Your campus, Your story
As it relates to Greek Life, I try to shy away from the word, “stereotype.”
I take that word seriously. Stereotypes, to me, too often apply to people’s circumstances that they cannot control. It’s not fair to compare the stereotyping of someone based upon their race or socioeconomic status to that of a sorority girl, as joining a sorority was something I freely chose to do.
I’ve also tried to avoid the basic selling points most people use: philanthropy, sisterhood, GPA requirements. I won’t bore you with a lecture on the $50,ooo we raised as a community this past Greek Week, or the fact that Greek Life’s average GPA is above the undergraduate average.
But, I will tell you that I am often labeled after admitting to being a member of the Greek community: stuck up, exclusive, party girl, promiscuous, superficial, well-off and the cheekiest of them all — incompetent or dumb. These are often the words I read on the faces of those who have discovered my association with a sorority.
It is not my wish to prove myself, or tell those who are judgmental just how wrong they are. It is my hope to create a new perspective.
Like many college freshmen, I had no idea what I was doing. I will never forget “Welcome Weekend” in August 2012 – I was seeing a lot of things for the first time. I had conflicting feelings of a new found freedom and it was a struggle to absorb it all.
I needed structure. An older friend that I knew from my hometown was in a sorority, something I had never imagined participating in. Wasn’t that the easy way out? I didn’t want to pay for my friends. Or be paddled, for that matter. Even young and innocent ol’ me had premeditative ideas of what a “sorority girl” was – and I didn’t fit the mold.
Yet, I found myself in line on the first day of recruitment beside the other fresh-faced girls. These girls weren’t stuck up, or major party animals, they were just people as young and confused as I was, in search of some form of acceptance.
Through recruitment, I met such a diverse group of women of every size, shape, color, interest, ethnicity, academic major and sense of humor.
I received a bid to join a cool group of girls and eagerly accepted it. No, I wasn’t hazed. My big didn’t talk to me in a baby voice, in fact, she didn’t mother me at all. I was treated like an independent and extremely valuable woman from the start.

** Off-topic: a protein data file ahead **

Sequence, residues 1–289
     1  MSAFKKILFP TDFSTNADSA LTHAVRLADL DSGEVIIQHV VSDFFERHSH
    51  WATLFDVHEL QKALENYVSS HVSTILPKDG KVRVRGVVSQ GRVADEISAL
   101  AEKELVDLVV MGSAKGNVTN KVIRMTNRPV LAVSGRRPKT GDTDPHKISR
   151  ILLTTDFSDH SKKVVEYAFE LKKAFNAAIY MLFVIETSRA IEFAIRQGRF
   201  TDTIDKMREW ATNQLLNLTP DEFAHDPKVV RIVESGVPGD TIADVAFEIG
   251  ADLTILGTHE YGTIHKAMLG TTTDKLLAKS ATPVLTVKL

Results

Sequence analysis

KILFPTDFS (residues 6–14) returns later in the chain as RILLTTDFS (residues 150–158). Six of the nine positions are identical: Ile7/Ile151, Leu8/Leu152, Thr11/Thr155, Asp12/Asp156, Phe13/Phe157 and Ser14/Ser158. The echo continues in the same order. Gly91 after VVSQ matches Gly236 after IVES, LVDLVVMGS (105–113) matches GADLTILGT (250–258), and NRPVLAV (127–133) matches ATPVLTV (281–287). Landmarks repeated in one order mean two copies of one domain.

My point is: Every Greek woman is different.
People join sororities for all different reasons and each experience is different.
We have athletes, we have bookworms and we have the life of the party. We even have girls who are athletic bookworms that like to have a good time — you cannot dumb us down into one single person. Diversity is such a beautiful thing because that is how we learn and grow from one another.
That’s the thing about labels and stereotypes, they take a big group of extremely diverse people and pigeonhole them into one, uniformed image. How fair is that?
At the sound of the word “sorority” out of my mouth, I have been scoffed at. Eyes have been rolled. Others have thought nothing of it. Some people even try to relate to me sometimes with a comment like, “Oh, my mom was in a sorority.” Those people are always nice.
But in reality, my sorority is only one aspect of my life. I am also an employee at the school paper, a yogi and a total animal-lover. But once the “sorority girl” image is factored in, it sticks and none of the other things seem to matter.
It’s easy to look at a woman wearing Greek letters and assume that they are the superficial party girl who pays for her friends. I challenge you all to quit assuming and dig deeper.
It makes me mad. It makes me sad. It makes me confused that my sisters and I can be simplified because of three letters embroidered on a sweatshirt. Get to know me because my letters don’t define me – I define my letters.
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